I also still do lots of development, mostly in Java. Some Grails, and I’ve been dabbling in Angular (though it’s painful to work with Javascript after having used the vastly superior ActionScript for many years). Please don’t argue this point– people who have never done any Flex programming really have no idea what they’re talking about when it comes to this.

That said, if I do make time to start writing again (which I really hope to do) expect to see a shift in the things I write about.

March 12th, 2011 By jwd Categories: AIR, Flex 3, Flex 4, Monkey Patching

There are two ways to load content into Flex’s HTML control. The first is to set assign the htmlText property some HTML. The second is to set the location property to the URL of the site you wish to load. The two are mutually exclusive, as described in the ActionScript 3 Reference here.

Speaking specifically of the htmlText property: Setting this property has the side effect of setting the location property to null, and vice versa.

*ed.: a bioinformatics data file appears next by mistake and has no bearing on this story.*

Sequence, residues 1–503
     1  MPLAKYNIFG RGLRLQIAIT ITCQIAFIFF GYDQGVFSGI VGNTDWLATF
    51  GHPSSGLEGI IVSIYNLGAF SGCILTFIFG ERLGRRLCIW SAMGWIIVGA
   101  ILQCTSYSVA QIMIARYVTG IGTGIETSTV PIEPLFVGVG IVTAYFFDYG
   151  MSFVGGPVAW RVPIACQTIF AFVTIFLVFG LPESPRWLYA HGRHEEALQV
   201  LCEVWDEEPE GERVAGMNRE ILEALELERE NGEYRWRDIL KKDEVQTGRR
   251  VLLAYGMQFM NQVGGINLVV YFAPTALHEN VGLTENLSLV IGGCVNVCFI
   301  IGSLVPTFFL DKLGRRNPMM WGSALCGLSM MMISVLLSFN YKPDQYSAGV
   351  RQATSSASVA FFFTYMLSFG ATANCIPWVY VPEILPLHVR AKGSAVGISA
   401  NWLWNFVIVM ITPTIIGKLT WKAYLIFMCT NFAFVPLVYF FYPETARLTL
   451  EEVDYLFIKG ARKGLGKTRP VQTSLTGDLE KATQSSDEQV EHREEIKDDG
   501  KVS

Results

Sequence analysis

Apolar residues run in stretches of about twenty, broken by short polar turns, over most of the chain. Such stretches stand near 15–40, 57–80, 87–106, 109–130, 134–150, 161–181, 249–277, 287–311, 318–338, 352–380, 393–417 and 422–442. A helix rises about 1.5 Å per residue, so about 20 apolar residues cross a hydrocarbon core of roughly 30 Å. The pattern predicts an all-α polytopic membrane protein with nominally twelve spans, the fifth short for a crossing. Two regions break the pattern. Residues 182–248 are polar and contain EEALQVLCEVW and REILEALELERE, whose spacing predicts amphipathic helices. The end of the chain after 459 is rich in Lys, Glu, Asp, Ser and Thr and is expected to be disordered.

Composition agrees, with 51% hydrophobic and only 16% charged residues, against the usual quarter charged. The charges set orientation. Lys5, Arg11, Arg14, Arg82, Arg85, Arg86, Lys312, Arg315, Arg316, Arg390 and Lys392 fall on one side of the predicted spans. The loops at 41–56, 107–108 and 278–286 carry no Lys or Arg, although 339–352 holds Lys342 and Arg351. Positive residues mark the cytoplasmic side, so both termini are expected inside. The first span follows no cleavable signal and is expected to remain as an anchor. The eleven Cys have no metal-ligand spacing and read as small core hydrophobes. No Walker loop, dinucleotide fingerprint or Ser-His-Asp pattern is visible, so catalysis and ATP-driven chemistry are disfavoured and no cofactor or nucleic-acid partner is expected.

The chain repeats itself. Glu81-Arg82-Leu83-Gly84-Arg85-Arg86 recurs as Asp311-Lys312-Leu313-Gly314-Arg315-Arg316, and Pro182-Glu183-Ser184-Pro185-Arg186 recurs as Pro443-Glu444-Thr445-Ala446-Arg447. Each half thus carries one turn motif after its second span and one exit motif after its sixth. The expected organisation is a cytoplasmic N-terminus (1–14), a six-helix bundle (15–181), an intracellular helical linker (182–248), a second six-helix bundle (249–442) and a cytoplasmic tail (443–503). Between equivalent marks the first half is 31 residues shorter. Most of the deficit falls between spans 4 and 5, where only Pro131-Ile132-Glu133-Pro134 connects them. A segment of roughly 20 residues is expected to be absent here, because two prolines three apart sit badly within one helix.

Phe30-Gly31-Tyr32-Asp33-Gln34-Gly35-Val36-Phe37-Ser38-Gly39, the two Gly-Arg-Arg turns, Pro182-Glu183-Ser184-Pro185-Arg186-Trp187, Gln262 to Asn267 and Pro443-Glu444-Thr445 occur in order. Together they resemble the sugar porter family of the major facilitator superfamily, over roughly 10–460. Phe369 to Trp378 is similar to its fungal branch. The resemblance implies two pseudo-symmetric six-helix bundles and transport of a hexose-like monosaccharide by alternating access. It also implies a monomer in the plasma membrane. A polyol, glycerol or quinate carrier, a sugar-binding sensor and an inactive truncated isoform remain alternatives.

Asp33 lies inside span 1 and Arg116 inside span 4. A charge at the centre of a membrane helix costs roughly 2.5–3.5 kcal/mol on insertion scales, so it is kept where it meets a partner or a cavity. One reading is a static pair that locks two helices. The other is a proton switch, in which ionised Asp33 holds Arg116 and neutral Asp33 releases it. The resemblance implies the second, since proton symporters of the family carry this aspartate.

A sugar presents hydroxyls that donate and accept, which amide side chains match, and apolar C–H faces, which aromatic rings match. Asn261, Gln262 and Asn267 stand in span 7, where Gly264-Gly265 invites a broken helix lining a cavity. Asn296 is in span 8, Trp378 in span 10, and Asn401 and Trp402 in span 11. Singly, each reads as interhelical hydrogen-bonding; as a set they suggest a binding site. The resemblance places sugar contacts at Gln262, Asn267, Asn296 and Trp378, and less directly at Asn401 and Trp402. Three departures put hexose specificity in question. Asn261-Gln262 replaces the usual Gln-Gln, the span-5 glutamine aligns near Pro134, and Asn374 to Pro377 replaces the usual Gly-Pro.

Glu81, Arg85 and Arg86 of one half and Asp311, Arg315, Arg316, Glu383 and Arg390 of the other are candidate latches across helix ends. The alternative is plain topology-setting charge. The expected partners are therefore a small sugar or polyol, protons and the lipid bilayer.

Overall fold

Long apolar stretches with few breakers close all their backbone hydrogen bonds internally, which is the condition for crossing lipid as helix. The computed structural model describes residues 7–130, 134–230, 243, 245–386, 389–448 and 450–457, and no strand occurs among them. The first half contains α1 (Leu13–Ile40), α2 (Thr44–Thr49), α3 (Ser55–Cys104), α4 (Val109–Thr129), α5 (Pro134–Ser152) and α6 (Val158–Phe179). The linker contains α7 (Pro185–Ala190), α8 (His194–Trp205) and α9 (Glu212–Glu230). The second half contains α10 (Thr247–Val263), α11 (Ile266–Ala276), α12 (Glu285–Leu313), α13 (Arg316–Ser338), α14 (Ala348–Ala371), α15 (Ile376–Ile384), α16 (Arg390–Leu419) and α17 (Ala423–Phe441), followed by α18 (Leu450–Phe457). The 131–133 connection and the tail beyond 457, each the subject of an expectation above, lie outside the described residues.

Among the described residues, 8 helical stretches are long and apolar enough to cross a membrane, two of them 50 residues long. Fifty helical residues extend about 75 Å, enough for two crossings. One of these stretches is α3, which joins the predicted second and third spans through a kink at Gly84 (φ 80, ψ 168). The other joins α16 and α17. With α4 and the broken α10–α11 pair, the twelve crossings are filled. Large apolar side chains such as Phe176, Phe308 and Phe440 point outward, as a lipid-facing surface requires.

The implication of this is that if you load content via setting the location property, you cannot use the htmlText property to view the source HTML of the site you loaded– it will return null. So the question is, how do we do this?

The trick is to use the DOM. Adobe has a livedoc article here called Accessing DOM and JavaScript objects from ActionScript. The DOM can be accessed from the window.document property of the HTMLLoader. So assume I have declared the following HTML control.

<mx:HTML id="html" location="" width="100%" height="100%" />

I could then view the loaded contents in a variety of ways. The HTMLLoader I mentioned previously is a member of the HTML control, and is conveniently named htmlLoader.

var o : Object = html.htmlLoader.window.document.getElementsByTagName("html")[0];
trace( o.textContent );
trace( o.innerText );
trace( o.innerHTML );

All of these methods return Strings, and so could be assigned or output as needed. I found the livedocs article to be pretty illuminating, it essentially gives you a lot of the power of JavaScript using ActionScript in manipulating the HTML that you’ve loaded. You could do some pretty cool stuff with that.

March 11th, 2011 By jwd Categories: Blogging

I’ve been looking for a fluid width WordPress theme for some time. I’ve finally found one that I like. I hope it makes my code examples easier to read. In case you’re wondering, I’m using the “Deep Mix” theme by SthElse, with a few customizations.

For syntax highlighting, I’ve switched to WP-SynHighlight.

Thanks for reading!